Organise and Synthesise

How can I best fit together what I have selected - in my own words?

By this stage you should have started to develop your understanding of the topic and your point of view or argument on the associated issues. You should have a clear idea of the essential parts of your topic and should have a topic plan or task scaffold that you are adding to as you find out more about the topic. 

The organising step is about combining together pieces of information that relate to the same part and deciding what order you should present your parts in to best fulfil your task instructions. The act of combining together pieces of information in a new way in your own words is called synthesising.

Organising is made easier if you keep firmly in mind the PURPOSE of your assignment. Usually you are asked to do one of the following:

  • PRESENT A STUDY OF or A REPORT ON - give detailed, well structured information that thoroughly covers the main aspects of the topic.
  • DISCUSS - investigate the arguments for and against a statement.
  • SUMMARISE - give a detailed account of the main facts, aspects, events or processes.
  • EXPLAIN - give a full account in plain language.
  • COMPARE - point out similarities and differences, concentrating on the similarities.
  • CONTRAST - point out differences and similarities, concentrating on differences.
  • SHOW - demonstrate by presenting evidence.
  • ANALYSE - break the subject into main ideas, examine each one carefully and explain how they relate to eachother.
  • CRITICISE - take an idea or theory apart point by point and judge how valid it is.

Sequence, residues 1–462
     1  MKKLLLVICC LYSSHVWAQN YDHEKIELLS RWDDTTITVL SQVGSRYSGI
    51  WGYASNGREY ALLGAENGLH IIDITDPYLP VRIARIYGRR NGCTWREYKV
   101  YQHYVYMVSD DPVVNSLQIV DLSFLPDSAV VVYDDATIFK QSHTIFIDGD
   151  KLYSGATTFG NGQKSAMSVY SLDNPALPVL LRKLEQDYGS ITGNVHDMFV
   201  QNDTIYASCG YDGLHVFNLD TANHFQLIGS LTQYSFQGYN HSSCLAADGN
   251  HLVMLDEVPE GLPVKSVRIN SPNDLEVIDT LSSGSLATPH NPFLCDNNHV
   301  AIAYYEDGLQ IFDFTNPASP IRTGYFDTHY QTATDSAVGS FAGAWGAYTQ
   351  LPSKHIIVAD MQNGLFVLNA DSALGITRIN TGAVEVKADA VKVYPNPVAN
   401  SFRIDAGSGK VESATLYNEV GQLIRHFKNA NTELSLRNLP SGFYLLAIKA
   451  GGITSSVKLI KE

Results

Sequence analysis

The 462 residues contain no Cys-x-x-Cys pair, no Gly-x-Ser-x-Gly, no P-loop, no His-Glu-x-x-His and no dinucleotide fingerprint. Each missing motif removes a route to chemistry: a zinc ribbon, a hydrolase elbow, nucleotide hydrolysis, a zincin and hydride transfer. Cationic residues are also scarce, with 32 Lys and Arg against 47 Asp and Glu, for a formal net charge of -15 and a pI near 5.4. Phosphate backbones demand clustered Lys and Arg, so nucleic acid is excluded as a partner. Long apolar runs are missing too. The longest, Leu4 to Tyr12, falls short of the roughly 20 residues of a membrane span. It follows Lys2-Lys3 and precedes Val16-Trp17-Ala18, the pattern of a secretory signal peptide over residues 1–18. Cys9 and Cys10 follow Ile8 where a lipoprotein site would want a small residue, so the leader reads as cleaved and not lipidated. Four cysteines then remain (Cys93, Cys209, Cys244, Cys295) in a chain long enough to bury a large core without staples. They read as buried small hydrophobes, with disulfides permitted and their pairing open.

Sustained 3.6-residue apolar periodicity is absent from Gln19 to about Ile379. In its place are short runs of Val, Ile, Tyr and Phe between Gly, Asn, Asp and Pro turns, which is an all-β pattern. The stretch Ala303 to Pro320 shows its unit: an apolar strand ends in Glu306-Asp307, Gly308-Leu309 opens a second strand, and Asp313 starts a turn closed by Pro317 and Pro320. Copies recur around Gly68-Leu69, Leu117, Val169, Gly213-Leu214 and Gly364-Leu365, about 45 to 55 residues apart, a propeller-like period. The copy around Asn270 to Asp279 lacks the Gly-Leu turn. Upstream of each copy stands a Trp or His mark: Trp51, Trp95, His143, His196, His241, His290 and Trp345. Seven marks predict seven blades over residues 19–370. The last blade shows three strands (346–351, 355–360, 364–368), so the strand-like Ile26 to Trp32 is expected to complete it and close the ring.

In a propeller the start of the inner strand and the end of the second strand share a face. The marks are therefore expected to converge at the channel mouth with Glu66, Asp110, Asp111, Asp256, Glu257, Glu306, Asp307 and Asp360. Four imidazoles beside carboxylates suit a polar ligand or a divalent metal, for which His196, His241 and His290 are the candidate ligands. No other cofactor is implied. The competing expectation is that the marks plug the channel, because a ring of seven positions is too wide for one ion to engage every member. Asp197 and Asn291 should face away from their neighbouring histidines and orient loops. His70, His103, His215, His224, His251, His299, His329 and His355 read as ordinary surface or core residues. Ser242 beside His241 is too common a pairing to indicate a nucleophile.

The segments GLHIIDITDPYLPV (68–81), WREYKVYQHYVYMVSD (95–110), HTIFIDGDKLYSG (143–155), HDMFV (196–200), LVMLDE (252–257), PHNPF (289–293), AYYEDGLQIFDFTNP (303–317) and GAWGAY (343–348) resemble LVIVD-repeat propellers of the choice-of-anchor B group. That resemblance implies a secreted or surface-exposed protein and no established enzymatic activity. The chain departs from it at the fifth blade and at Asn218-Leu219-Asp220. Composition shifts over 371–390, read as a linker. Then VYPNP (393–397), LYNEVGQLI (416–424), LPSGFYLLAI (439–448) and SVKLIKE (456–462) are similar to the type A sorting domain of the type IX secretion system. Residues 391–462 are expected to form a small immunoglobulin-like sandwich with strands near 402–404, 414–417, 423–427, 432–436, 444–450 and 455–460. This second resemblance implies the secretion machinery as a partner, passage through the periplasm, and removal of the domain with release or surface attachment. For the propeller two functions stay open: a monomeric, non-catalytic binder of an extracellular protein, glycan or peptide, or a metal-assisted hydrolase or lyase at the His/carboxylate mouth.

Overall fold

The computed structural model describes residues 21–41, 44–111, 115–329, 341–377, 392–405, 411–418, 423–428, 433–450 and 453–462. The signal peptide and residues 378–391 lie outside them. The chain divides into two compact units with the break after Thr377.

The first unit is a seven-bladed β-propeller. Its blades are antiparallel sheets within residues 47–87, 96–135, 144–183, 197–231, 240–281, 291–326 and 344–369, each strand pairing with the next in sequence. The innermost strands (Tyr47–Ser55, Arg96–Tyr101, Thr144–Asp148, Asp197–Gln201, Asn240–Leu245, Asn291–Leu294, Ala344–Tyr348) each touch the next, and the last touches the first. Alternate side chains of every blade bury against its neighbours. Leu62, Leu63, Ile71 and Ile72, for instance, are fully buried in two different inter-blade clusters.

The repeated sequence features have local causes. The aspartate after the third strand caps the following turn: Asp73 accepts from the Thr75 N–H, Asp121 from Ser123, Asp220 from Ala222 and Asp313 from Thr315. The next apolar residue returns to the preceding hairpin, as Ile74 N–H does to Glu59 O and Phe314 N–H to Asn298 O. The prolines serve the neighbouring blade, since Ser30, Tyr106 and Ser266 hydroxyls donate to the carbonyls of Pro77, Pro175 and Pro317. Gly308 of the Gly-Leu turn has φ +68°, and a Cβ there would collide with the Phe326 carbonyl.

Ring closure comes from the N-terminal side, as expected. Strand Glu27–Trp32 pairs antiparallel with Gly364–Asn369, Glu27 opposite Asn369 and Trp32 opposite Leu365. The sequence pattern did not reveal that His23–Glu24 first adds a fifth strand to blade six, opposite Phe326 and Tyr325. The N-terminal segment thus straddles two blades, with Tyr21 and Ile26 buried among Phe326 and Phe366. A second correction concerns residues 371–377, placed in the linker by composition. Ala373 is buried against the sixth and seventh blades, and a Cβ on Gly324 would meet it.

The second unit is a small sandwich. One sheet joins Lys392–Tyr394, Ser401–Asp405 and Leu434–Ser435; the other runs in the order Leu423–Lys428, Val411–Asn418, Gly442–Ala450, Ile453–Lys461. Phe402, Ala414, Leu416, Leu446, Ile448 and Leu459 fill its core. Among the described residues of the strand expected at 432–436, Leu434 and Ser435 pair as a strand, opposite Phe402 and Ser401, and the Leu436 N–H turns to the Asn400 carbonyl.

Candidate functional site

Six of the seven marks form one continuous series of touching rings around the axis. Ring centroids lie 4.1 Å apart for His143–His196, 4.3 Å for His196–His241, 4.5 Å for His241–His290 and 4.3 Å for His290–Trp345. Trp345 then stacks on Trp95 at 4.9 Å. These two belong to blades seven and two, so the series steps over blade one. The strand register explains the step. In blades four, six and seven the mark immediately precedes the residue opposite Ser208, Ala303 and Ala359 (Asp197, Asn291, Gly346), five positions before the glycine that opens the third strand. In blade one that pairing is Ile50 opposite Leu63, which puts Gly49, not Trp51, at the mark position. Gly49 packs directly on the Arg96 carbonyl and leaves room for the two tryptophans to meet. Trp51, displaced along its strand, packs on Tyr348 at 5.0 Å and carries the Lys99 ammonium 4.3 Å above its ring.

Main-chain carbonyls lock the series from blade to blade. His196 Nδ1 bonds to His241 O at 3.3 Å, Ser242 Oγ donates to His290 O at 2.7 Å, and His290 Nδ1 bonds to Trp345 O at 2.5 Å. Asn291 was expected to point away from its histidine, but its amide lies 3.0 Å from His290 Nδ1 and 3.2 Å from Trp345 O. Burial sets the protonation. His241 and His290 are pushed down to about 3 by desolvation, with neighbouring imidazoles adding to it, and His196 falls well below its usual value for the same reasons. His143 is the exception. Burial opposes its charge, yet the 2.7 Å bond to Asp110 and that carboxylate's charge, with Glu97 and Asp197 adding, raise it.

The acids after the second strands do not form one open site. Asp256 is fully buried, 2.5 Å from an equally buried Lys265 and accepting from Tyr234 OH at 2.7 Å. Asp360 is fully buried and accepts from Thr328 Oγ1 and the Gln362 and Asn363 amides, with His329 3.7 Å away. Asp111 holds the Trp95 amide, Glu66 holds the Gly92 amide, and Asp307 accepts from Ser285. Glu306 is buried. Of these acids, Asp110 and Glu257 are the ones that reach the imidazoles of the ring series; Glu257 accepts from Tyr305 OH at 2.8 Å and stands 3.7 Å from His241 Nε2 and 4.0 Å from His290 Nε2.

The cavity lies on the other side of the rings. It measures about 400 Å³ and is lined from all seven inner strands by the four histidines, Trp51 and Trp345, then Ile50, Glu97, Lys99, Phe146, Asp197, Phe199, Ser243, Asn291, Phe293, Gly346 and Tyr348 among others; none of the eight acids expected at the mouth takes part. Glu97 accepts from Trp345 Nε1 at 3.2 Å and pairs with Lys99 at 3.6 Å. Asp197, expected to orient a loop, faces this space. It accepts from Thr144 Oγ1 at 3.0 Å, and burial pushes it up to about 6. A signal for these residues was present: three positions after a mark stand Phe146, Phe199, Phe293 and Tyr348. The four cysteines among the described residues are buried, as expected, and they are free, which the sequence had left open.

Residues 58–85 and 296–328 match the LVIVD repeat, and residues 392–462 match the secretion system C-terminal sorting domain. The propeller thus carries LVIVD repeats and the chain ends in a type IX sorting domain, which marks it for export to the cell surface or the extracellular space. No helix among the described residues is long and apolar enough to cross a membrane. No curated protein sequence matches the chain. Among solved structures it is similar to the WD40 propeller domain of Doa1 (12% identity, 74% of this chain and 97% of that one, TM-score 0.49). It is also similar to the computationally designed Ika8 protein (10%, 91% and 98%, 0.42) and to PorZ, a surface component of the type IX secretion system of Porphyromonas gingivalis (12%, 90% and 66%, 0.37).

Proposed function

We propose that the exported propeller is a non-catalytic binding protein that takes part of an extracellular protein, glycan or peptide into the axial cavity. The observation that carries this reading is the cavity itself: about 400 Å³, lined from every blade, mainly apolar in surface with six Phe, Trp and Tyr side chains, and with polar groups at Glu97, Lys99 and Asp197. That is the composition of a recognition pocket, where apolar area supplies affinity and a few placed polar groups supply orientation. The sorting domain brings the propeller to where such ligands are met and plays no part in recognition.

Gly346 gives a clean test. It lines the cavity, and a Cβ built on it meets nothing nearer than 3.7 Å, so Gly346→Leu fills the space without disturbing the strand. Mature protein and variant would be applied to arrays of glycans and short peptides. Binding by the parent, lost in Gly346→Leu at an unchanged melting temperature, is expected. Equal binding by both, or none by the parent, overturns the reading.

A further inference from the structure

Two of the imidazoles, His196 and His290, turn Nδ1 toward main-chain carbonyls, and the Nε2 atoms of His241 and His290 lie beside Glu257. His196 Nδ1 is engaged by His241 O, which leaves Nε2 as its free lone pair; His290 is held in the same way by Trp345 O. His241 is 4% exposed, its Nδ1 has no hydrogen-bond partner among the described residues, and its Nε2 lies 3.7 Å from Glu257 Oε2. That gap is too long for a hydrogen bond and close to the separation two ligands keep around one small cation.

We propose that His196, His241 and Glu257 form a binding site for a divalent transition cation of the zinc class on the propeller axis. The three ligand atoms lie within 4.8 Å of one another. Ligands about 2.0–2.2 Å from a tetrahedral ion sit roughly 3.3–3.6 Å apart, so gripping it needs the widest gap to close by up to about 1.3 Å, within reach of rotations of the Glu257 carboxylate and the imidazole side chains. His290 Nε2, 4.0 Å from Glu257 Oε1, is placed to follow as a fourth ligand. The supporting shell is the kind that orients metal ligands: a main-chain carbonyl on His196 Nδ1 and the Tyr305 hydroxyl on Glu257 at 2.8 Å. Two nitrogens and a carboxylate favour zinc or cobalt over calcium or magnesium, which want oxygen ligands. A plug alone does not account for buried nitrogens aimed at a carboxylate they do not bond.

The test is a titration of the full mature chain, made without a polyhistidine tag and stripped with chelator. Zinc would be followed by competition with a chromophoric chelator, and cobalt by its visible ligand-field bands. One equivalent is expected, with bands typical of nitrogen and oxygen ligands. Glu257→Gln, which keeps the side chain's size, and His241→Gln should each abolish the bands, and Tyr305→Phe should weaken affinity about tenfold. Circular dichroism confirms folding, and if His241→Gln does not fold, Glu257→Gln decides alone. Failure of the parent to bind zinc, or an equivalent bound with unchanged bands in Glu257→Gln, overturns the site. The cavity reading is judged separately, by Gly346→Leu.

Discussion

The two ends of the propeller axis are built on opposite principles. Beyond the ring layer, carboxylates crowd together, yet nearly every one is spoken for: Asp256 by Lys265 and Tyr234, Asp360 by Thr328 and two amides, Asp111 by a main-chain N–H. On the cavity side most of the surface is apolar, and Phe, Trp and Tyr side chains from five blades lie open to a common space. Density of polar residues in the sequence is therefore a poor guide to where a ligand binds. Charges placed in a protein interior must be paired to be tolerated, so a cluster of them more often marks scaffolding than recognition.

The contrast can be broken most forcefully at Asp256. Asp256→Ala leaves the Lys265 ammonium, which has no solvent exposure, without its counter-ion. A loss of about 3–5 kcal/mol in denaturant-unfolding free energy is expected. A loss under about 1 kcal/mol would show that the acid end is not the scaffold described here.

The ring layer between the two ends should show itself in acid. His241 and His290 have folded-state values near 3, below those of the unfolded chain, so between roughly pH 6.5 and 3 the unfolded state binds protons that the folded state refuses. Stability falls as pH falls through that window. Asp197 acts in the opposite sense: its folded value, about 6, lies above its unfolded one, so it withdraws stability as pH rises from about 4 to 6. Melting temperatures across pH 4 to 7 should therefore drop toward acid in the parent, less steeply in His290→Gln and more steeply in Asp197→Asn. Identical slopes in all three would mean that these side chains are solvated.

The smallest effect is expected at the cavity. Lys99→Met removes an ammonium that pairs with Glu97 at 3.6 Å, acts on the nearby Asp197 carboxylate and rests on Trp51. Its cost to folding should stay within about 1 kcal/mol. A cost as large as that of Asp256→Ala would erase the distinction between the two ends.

See the full list of definitions for common assignment terms.

What you are asked to do in the assignment question will give you the key to how you should structure your information. Organise your information according to your purpose. Follow any directions given to you in your assignment task about how your assignment should be structured. If you are writing a report or an essay, you will usually need to adhere to the common structure for these:

Report structure

  • The TITLE PAGE shows your name, subject, class, teacher, assignment/report name and due date.
  • The CONTENTS is a list of headings and subheadings with page numbers, that maps out the sections you have used to organise your information.
  • The INTRODUCTION is a brief outline of the topic area and the purpose of the report.
  • The BODY contains what you have found in your research, organised under subheadings.
  • The CONCLUSION briefly summarises the main findings of your research and draws your key points together to present your judgement on any issues you have been asked to address.
  • The APPENDICES includes diagrams, images, tables or other information that support your main information, but would interrupt the flow of the report if they were included in the body.
  • The BIBLIOGRAPHY is a correctly written list of all the information resources you consulted in your research.

Read more about how to write a report.

Essay Structure

  • The TITLE PAGE shows your name, subject, class, teacher, assignment/essay name and due date.
  • The INTRODUCTION focuses the reader's attention on the topic, creates interest, states your objectives and outlines your approach.
  • The BODY presents the key points of your argument or point of view. It has a section (paragraph) for each key point that includes a statement of what the point is, discussion of the point and support for it. Link the main points together so that they flow towards your final conclusions.
  • The CONCLUSION briefly summarises your point of view, draws your key points together to present your final answer to the assignment question and rounds off your discussion of the topic.
  • The BIBLIOGRAPHY is a correctly written list of all the information resources you consulted in your research. 

There a several excellent books on how to write essays located on the 808.4 shelf in the library.

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